Meet the wo­man at the FORE­FRONT of a move­ment to cre­ate a TOXIC-FREE en­vi­ron­ment in the nail salon IN­DUS­TRY, that BEN­E­FITS the well­be­ing of BOTH em­ploy­ees and clients.


When I was younger, I would go to a tem­ple with my mum to pray and med­i­tate,” says Amy Ling Lin, who from an early age was in­ter­ested in well­be­ing and com­ple­men­tary treat­ments, such as mind­ful­ness and med­i­ta­tion.

But it wasn’t un­til she was granted a schol­ar­ship to study fash­ion and re­tail man­age­ment in 2010 at Syra­cuse Univer­sity in New York State that she be­came in­ter­ested in the beauty ben­e­fits of the nail in­dus­try. De­spite hav­ing never been to a nail salon, a con­ver­sa­tion with a friend about the shock­ingly un­fair prac­tices behind the scenes of so many mani-pedis peaked her interest.

The New York Times re­ported in 2015 that man­i­curists are reg­u­larly un­der­paid and ex­ploited. De­spite soar­ing growth (the number of sa­lons in New York City tripled to over 2000 in a 10-year pe­riod) in the in­dus­try, it was dis­cov­ered that em­ploy­ees, mostly im­mi­grants, were paid be­low min­i­mum wage, some­times as lit­tle as US$3 per hour, and were suf­fer­ing on­go­ing health is­sues due to chem­i­cal ex­po­sure.

“I al­ways want to help im­mi­grants, and the nail in­dus­try has many im­mi­grant em­ploy­ees,” says Amy. “My dad wanted me to be­come an immigration lawyer but that’s not my pas­sion – he dis­agrees with my interest in beauty and fash­ion. To him it’s not a very de­cent job, but, to me, I just love mak­ing peo­ple feel beau­ti­ful.”

Amy’s fam­ily is from Chang’an in south­ern China. Her fa­ther re­lo­cated to the United States when Amy was seven. She didn’t see him again un­til she too moved to the US in 2006, aged 19.

“I heard crazy sto­ries about im­mi­grant life [in New York]. When [my fa­ther] ar­rived in the US he was wash­ing dishes. He’d had a business in China so it was a huge tran­si­tion. Sud­denly he was mak­ing $300 a month and didn’t speak English. He gave me a lot of strength and en­cour­aged me to do some­thing for the com­mu­nity, to give back.”

Amy felt that she’d be sup­port­ing the im­mi­grant com­mu­nity if she could make a pos­i­tive im­pact on the nail business that in the US is largely un­reg­u­lated.

“In 2012 I’d fin­ished my re­tail course and I was work­ing for a mar­ket­ing com­pany. I stud­ied beauty after hours and took some business cour­ses. That’s when I started look­ing for lo­ca­tions and ask­ing if any­one was in­ter­ested in in­vest­ing in the business.”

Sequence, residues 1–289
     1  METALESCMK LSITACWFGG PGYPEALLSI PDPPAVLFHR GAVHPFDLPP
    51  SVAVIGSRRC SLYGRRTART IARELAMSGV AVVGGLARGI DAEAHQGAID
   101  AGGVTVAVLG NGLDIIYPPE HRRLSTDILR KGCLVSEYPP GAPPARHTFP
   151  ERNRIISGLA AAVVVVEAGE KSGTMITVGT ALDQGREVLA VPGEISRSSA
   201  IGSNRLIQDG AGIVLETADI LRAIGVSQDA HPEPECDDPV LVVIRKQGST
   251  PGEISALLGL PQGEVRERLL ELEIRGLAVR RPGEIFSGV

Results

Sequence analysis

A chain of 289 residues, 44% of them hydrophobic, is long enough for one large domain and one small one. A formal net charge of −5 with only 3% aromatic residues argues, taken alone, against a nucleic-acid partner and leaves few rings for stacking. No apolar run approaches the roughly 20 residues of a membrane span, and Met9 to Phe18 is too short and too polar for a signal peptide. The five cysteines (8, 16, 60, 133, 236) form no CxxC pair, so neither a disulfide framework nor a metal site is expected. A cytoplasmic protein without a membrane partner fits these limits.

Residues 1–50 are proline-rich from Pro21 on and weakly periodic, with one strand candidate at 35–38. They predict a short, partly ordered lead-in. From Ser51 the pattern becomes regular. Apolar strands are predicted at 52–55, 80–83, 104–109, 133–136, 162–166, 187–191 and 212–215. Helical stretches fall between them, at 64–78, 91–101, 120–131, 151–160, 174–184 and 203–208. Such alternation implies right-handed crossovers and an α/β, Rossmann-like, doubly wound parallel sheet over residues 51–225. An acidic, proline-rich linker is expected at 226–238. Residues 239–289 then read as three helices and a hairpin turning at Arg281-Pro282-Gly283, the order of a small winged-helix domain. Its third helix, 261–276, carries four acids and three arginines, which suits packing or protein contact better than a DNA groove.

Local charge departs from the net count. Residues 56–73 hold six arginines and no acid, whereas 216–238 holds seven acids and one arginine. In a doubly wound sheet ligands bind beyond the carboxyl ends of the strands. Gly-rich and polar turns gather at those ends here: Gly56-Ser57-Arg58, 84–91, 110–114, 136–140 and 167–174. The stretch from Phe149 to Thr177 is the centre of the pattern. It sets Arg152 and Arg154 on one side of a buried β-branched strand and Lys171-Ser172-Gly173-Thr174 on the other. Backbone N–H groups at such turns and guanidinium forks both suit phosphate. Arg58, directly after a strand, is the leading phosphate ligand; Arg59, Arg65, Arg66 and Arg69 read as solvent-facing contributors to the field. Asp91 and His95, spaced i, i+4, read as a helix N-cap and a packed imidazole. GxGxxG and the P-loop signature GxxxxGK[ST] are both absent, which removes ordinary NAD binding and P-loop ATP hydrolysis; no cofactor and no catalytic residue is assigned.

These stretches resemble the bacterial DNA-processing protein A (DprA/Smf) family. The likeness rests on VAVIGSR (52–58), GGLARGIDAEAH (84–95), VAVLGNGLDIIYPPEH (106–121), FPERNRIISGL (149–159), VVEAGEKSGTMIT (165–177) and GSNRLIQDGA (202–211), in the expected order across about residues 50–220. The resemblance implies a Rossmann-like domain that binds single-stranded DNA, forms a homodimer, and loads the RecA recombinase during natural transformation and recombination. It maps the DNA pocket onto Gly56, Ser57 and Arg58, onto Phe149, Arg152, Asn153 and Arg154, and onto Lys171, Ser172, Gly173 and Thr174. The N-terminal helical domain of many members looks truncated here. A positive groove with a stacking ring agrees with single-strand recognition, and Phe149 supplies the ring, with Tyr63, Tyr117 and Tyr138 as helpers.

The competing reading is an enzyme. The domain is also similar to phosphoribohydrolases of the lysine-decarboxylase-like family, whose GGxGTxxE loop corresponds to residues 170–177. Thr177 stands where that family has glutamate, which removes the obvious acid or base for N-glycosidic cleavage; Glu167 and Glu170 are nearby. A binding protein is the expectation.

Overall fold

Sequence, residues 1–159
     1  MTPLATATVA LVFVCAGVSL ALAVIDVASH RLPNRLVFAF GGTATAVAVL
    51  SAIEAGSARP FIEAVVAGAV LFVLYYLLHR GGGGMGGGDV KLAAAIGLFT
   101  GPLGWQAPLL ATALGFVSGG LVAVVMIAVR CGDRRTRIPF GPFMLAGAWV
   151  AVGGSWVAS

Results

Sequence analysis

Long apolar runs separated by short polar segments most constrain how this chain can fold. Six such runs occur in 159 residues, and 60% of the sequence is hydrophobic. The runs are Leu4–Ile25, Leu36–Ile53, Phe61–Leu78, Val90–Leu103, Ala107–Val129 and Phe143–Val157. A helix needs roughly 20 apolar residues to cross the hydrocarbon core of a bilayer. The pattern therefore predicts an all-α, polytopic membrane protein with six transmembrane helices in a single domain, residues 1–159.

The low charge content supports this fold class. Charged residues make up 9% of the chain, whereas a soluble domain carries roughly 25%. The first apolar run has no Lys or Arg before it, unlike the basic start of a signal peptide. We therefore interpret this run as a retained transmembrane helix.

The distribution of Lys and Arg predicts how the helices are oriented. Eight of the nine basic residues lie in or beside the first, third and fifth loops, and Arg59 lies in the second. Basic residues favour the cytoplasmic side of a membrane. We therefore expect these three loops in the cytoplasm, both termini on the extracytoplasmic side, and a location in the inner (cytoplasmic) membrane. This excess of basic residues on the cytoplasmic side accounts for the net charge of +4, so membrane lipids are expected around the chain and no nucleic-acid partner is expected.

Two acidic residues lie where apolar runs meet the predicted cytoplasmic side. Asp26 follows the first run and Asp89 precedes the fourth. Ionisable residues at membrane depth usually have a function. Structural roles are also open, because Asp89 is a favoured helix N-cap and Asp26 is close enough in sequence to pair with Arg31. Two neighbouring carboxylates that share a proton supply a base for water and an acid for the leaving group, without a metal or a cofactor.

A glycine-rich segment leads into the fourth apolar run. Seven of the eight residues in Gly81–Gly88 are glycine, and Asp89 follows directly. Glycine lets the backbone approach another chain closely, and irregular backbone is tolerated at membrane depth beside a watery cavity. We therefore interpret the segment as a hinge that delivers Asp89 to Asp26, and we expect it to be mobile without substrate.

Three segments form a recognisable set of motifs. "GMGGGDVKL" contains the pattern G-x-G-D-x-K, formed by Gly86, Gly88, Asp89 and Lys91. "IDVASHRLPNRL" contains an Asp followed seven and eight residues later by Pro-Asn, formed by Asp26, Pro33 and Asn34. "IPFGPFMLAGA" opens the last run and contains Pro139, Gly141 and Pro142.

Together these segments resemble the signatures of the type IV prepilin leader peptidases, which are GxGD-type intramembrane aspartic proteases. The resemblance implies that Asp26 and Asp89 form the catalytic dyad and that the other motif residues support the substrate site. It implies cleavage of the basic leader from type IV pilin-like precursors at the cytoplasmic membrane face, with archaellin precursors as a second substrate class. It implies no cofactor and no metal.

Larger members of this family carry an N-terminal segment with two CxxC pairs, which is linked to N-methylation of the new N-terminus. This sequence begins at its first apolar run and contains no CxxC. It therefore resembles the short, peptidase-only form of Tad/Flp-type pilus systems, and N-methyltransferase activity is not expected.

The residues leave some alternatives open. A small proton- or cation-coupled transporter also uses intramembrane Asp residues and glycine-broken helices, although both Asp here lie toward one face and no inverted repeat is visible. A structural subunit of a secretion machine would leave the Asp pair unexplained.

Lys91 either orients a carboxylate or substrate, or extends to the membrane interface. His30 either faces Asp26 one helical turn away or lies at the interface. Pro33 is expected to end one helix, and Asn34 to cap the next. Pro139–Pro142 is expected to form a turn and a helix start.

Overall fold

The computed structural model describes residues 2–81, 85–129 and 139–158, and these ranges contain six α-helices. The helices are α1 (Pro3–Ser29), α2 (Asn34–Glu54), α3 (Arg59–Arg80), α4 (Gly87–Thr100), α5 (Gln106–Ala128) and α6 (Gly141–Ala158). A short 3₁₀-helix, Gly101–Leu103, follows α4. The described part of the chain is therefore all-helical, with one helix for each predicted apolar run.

What proved most dif­fi­cult for Amy was find­ing a lo­ca­tion that would al­low her to sign a lease.

“I didn’t have a credit record, and my salary wasn’t high so I got a lot of re­jec­tions,” tells Amy, who even­tu­ally rented from a land­lord who ini­tially de­clined her ap­pli­ca­tion.

“They told me my business would fail in six months. They thought they were do­ing me a favour.” Amy didn’t give up. “I reached out again and told them I un­der­stood their con­cerns, but that I knew the risk more than any­one else. I said, ‘Please trust me, if I didn’t have the con­fi­dence in this, then I wouldn’t do it.’”

They TOLD me my BUSINESS would FAIL in six months.

Amy was ap­proved and opened her first nail salon on Man­hat­tan’s Up­per West Side in 2012.

“That made me be­lieve that we can make some­thing that seems im­pos­si­ble, pos­si­ble,” she says. It was in the throes of run­ning that business that Amy re­alised the high level of chem­i­cal in­gre­di­ents that were con­tained in many of the nail prod­ucts. That was the cat­a­lyst to launch her lat­est business ven­ture, a salon that’s free from harm­ful in­gre­di­ents that have a neg­a­tive ef­fect on clients’ nails and the health of salon own­ers and tech­ni­cians.

Man­i­curists han­dle chem­i­cals and breathe fumes from a range of pol­ishes, sol­vents, dry­ing agents and glues all day – some of which have been linked to can­cer, mis­car­riages and com­pro­mised fe­tal growth. >

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